It may come as a surprise to some, especially those with conventional medical training, but the default state of the body is one of ceaseless regeneration. Without the flame-like persistence of continual cell turnover within the body - life and death ceaselessly intertwined - the miracle of the human body would not exist.
The future of cardiovascular disease prevention and treatment will not be found in your medicine cabinet, rather in your kitchen cupboard or in your back yard growing on a tree...
Magnesium deficiency is often misdiagnosed because it does not show up in blood tests – only 1% of the body's magnesium is stored in the blood
The fact is that refined white salt, such as commercial table salt is bad, very bad stuff. Unrefined natural salt on the other hand is good, very good stuff providing many health benefits.
New research published this week in the journal Heart has confirmed the findings of two controversial studies on calcium supplementation and heart attack risk published in the British Medical Journal last year, and which found a 24-27% increased risk of heart attack for those who took 500 mg of elemental calcium a day.
Nothing can replace exercise, but turmeric extract does a pretty good job of producing some of the same cardiovascular health benefits, most notably in women undergoing age-associated adverse changes in arterial health.
In a 2008 study published in the journal Food Chemistry & Toxicology titled, "Comparative evaluation of the hypolipidemic effects of coconut water and lovastatin in rats fed fat-cholesterol enriched diet," the beverage coconut water was as effective as Merck's original cholesterol-lowering drug in positively modulating blood lipid levels in rats.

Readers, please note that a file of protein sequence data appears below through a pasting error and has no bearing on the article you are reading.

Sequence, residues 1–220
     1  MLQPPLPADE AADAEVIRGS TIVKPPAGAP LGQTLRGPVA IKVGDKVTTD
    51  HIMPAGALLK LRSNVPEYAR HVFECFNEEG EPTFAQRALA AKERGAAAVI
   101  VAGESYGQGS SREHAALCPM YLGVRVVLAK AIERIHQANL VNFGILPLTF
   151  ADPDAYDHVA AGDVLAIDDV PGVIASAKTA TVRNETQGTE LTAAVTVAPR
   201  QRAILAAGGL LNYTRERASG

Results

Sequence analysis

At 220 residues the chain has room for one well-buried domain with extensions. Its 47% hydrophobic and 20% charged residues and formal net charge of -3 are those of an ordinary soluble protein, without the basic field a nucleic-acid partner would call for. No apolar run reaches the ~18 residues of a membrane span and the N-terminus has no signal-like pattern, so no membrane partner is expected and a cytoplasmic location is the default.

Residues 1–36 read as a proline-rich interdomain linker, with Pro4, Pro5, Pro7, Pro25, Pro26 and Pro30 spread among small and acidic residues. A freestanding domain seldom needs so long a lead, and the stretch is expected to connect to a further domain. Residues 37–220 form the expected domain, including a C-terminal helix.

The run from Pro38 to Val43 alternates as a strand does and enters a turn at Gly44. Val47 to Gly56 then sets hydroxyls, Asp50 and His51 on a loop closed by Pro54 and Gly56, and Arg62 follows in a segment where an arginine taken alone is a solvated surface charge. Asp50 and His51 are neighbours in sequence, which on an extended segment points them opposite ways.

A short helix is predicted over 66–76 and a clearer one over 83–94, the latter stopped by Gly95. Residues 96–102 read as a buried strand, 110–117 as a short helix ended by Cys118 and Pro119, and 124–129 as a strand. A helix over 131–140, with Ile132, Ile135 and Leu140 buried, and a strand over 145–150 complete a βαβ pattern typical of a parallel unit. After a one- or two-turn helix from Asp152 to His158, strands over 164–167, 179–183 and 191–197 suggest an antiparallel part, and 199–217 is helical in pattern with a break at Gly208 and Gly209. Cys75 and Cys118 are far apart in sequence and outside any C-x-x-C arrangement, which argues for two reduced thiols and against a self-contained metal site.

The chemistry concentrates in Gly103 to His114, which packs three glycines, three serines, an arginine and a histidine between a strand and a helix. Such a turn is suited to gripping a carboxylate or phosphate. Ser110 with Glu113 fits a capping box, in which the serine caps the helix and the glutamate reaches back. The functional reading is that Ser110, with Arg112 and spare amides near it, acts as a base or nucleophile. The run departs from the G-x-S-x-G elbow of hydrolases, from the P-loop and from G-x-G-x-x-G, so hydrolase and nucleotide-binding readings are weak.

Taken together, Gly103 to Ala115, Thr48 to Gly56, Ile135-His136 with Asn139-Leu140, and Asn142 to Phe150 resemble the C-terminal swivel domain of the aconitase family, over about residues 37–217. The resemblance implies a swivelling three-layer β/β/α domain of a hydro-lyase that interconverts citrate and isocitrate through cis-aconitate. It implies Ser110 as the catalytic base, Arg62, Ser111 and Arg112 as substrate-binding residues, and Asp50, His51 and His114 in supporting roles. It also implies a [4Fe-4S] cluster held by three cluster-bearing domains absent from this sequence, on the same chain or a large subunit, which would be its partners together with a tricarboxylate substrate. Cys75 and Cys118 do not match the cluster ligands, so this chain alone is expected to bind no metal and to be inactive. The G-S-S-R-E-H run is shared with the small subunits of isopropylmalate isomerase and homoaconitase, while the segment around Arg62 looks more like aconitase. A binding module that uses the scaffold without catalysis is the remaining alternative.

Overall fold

The U.S. Department of Agriculture says that about 60% of adults in the United States do not consume the estimated average requirement for magnesium.
With the cholesterol-lowering class of drugs known as statins being widely promoted for the primary prevention of cardiovascular disease, despite their having over 300 documented adverse health effects (including heart failure!), how does chocolate sound as a viable, heart-friendly alternative?
Chocolate is clearly one of the most enjoyed foods on the planet, and has one of the oldest documented histories of use going back to 1100 BC. And yet, many still harbor guilt about consuming it because they associate it with "candy," having never been exposed to the growing body of research indicating it may actually be closer to a "medicine."